Silenced by tribal norms and customs, Sinai’s velvety dunes harbour the mystery and secrets of the peninsula’s Bedouin female population. Beneath the black silhouette dictated by Bedouin social codes, Bedouin women often internalise their feelings and opinions, frequently inconsistent with warped media portrayal, given their limited outlet for expression.
"Us Bedouin women do not have freedom of expression, decisions are made by men. This is accentuated in the border areas, more than Arish," asserts Bedouin women’s rights activist Hanan Moqaibid.
Particular codes of honour, which encompass pre-Islamic customs, form the structure of Bedouin ethics, which includes honour, hospitality and courage.
"Ird" is the honour code for women. A woman is born with Ird but sexual promiscuity may endanger it. Once lost, Ird cannot be recovered.
Bedouin legislative systems are founded on these honour codes. Bedouin courts often do not permit women to act as a defendant or witness, male elders from the community tend to relay verdicts, explains Moqaibid.
Today honour codes are often disregarded in arbitration processes since Sharia (Islamic) and civil law have become more widely practiced. Nevertheless, socially Bedouin women still remain tied to such codes.
Women in the arid terrain are frequently deprived of their rights in terms of schooling, marriage, work and freedom of expression. Many are denied university education as they are married off at an early age and the nation's affordable universities are too far away.
The extortionate fees of the local private university in Arish are a deterrent for most.
Moreover, women tend to have little choice in terms of marriage and are expected to adhere to the patriarch’s decision in this regard.
"I wanted to marry a Bedouin girl but her family refused, simply because I am not of Bedouin decent. She is now in her mid-thirties and still unmarried, while I am engaged to a local city girl from Arish," explains Mohamed Sabry, a local Arish journalist, illustrating the Bedouin’s immoveable attitude to marital issues.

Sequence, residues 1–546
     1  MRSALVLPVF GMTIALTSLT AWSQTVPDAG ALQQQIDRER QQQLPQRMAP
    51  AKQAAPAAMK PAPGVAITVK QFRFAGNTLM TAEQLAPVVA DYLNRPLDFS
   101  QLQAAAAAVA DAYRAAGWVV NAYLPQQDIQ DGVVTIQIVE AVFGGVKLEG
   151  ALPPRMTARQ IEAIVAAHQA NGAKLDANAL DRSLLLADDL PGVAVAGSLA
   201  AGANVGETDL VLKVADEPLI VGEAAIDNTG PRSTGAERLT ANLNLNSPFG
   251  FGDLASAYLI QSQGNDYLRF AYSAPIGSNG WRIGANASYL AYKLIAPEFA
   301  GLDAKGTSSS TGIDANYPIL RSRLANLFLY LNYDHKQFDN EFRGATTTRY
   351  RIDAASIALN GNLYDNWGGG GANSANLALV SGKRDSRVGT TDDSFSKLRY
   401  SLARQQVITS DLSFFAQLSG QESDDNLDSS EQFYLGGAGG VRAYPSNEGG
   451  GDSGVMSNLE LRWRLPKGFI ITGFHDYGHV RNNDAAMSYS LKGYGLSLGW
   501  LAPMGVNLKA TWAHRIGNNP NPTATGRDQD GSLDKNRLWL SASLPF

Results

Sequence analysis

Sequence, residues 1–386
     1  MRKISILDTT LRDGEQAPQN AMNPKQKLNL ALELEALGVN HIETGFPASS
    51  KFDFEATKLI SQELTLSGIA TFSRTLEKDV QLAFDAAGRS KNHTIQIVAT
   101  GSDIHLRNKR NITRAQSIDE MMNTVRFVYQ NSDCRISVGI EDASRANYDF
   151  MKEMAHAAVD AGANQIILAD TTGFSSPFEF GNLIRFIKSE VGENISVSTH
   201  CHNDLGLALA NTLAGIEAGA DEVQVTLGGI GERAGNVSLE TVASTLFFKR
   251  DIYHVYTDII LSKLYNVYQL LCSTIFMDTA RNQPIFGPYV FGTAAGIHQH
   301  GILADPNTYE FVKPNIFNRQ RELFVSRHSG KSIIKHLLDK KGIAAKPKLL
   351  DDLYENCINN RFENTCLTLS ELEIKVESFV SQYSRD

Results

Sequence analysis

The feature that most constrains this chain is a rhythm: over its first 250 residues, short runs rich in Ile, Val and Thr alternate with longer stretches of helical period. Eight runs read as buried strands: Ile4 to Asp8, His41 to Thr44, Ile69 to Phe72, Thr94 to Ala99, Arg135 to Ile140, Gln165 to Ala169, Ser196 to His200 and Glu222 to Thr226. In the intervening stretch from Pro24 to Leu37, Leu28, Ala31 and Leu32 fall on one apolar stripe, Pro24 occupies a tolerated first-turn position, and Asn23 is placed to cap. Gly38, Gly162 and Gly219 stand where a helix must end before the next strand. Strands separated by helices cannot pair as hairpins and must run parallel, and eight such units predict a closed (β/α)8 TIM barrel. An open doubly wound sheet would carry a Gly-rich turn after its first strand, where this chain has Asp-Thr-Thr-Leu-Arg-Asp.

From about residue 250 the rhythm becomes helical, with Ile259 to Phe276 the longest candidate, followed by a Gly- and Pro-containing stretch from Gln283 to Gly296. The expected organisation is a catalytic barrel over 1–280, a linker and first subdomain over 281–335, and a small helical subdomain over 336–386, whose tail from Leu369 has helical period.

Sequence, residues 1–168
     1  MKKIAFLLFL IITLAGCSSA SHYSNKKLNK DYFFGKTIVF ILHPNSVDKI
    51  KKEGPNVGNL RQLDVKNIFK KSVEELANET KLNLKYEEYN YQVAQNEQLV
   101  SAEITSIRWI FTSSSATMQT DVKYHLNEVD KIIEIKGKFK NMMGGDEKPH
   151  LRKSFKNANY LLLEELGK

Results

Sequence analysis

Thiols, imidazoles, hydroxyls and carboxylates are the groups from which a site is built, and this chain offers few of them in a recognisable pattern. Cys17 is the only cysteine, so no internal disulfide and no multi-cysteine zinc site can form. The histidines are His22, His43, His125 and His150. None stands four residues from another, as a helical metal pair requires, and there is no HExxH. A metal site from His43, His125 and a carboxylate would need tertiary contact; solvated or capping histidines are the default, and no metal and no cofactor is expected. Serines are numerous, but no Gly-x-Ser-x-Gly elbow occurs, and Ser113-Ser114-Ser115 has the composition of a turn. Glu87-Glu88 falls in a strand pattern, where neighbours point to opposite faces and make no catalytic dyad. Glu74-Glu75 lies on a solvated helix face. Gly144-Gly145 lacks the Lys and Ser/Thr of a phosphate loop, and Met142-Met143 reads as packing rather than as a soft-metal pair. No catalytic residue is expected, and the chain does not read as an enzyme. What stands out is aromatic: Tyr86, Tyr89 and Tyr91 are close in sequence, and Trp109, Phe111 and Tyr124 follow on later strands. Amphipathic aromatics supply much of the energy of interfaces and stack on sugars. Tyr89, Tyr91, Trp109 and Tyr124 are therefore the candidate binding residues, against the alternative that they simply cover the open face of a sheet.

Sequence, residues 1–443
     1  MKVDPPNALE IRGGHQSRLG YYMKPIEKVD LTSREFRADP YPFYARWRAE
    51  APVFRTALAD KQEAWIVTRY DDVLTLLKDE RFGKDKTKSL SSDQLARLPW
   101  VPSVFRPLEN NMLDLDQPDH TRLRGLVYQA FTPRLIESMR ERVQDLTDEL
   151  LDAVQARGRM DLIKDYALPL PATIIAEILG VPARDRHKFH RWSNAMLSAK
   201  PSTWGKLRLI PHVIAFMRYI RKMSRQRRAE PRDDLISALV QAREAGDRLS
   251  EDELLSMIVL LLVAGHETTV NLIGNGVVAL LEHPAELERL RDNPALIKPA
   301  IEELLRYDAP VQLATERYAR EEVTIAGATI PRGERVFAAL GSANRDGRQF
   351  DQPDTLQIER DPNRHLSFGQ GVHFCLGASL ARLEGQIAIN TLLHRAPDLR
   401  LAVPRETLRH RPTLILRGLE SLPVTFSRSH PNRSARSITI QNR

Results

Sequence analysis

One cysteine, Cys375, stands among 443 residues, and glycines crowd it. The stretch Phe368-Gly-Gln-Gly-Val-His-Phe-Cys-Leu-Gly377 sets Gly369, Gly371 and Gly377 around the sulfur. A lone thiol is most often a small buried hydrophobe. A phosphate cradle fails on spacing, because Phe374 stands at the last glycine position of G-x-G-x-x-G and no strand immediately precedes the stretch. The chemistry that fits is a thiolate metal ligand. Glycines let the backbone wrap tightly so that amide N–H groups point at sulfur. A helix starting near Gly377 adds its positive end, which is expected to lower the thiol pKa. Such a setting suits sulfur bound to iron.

Arranged marriages amongst relatives are commonplace, especially within the more conservative tribes, like the Dawaghra, Moqaibid says. The practice of having multiple wives is widespread and in most cases the women have little choice in the matter.
"There is a Bedouin saying that dictates, if you are only married to one woman you are still single," Mustafa El-Menei from the Sawairka tribe tells Ahram Online.
The first wife is usually a relative but there is more freedom of choice with the second wife, El-Menei adds.
Typically, the first wife searches for the second wife according to Reham, a local teacher from Arish who has worked extensively with Bedouin women. Although this is not always the case as the man ultimately has the final say.
"I am not happy with my first wife, so I am planning to marry another woman who is divorced with a child. I love her. I will spend my time equally between the two," says Hussein, a Bedouin entrepreneur and taxi driver, clearly smitten with his new muse. Some Bedouin elders deem marriage to a divorced mother as a modern unorthodox phenomenon.
Encouragingly, according to most Bedouin women, they are now granted the right to divorce, a clear mark of development.
However limits on social freedoms continue to restrict movement: women normally require a family chaperone if they wish to leave the confines of their homes.